While the potential volume of supply will be determined through a feasibility evaluation, prior studies indicate the potential for at least 4 million gallons of water per day of new supply.
Additional water supply could also be directly transmitted to the SFPUC through a new intertie between ACWD and SFPUC. A range of scenarios considering treatment capacity, distribution potential and feasibility are being considered through an evaluation between the three partner agencies.
Crystal Springs Purified Water
We are studying the feasibility and impacts of transporting highly-treated wastewater from Silicon Valley Clean Water and/or the City of San Mateo into our Crystal Springs Reservoir in San Mateo County. This enhanced recycled water (highly-treated recycled water that exceeds drinking water quality standards) would blend with water in Crystal Springs Reservoir before being treated at the nearby Harry Tracy Water Treatment Plant for transmission to customers. We could provide 6 to 12 million gallons of water per day from this project.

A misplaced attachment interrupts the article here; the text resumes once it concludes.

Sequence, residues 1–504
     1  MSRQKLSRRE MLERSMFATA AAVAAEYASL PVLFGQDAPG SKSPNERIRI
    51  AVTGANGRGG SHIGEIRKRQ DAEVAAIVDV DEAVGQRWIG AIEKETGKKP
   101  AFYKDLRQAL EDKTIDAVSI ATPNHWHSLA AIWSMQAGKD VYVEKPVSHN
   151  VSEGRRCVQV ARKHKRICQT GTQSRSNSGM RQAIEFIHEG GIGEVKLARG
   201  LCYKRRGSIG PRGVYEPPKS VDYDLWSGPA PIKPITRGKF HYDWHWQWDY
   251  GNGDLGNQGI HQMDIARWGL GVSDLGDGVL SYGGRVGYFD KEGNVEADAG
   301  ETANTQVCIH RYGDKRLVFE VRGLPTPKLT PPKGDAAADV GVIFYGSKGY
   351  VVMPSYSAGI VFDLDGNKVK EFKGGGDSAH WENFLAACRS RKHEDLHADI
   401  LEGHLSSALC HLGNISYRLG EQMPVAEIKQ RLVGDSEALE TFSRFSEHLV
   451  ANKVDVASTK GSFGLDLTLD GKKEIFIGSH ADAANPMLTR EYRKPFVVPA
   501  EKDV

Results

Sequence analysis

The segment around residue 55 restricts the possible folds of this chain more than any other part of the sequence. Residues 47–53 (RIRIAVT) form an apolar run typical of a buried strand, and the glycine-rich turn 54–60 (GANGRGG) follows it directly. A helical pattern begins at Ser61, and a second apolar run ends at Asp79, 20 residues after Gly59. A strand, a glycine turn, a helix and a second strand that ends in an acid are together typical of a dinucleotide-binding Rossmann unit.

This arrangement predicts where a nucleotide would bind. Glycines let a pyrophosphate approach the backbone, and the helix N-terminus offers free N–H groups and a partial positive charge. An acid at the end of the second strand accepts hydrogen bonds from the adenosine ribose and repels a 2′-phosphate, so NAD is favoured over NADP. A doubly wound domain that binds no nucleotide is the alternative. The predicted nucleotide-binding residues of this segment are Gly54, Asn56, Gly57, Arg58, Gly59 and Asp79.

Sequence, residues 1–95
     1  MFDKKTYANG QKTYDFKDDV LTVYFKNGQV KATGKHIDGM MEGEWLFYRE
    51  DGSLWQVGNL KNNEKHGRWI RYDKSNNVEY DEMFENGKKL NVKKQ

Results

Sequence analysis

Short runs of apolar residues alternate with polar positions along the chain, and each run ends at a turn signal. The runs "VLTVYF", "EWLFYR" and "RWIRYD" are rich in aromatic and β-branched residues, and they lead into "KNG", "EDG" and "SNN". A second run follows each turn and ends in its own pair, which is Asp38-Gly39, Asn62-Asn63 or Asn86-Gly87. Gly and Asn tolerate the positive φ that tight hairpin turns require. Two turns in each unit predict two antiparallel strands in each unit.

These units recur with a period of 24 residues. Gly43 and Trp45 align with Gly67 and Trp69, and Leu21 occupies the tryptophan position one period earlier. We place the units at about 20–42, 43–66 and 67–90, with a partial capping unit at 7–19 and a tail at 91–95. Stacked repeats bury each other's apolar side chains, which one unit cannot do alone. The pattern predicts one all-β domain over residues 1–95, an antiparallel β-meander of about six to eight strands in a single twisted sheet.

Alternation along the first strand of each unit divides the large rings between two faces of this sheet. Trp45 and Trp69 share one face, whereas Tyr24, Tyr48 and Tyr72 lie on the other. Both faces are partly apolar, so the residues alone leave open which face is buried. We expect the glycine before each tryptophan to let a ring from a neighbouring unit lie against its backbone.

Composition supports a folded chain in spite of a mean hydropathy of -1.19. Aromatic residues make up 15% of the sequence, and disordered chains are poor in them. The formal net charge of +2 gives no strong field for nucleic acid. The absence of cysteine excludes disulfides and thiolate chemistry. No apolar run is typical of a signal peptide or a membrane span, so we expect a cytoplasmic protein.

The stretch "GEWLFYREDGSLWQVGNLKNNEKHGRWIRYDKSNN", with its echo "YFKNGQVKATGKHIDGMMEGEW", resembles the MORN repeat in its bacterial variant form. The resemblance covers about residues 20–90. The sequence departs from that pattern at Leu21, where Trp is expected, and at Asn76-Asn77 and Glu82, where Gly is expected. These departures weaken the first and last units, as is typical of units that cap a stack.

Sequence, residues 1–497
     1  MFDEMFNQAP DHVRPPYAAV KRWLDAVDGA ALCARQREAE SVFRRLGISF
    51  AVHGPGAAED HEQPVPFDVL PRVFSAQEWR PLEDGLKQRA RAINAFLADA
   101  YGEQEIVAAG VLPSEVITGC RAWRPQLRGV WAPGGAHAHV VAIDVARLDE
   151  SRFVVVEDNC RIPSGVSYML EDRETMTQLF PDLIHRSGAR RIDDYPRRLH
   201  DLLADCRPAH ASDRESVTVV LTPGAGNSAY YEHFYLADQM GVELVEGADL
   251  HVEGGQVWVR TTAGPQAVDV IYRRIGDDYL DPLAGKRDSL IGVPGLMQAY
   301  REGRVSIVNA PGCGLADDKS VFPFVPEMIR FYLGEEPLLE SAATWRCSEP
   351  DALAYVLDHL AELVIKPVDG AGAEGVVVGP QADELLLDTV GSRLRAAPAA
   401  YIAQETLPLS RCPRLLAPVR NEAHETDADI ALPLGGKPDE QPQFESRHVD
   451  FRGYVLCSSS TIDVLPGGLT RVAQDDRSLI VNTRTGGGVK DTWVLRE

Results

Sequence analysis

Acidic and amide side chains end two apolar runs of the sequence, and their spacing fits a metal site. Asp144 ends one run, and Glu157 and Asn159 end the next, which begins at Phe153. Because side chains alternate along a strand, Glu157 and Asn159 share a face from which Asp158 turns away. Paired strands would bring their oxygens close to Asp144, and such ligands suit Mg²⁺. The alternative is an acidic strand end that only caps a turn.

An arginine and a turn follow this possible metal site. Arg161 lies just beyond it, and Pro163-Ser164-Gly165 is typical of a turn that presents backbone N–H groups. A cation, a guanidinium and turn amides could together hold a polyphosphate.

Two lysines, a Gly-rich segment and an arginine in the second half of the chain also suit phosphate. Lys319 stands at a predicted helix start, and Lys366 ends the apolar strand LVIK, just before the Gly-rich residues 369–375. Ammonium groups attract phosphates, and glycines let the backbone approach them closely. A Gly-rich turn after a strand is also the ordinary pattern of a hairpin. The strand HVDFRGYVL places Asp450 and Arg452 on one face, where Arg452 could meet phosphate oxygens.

We are working closely with the wastewater agencies, Cal Water, Redwood City and BAWSCA on this project. We are in the process of conducting analyses on the feasibility and constructability of this option.
In 2018 – 2019 we piloted a project in our own headquarters to collect, treat, and serve purified water. We are looking into possibly expanding this idea on a larger level to collect wastewater from one of our wastewater treatment plants and treat it with a multi-stage, multi-barrier advanced treatment process that meets drinking water standards. The treated water would then be blended at one or more of San Francisco's drinking water reservoirs. This treatment and distribution process is referred to as treated water augmentation, and State regulations are still under development (anticipated by 2023).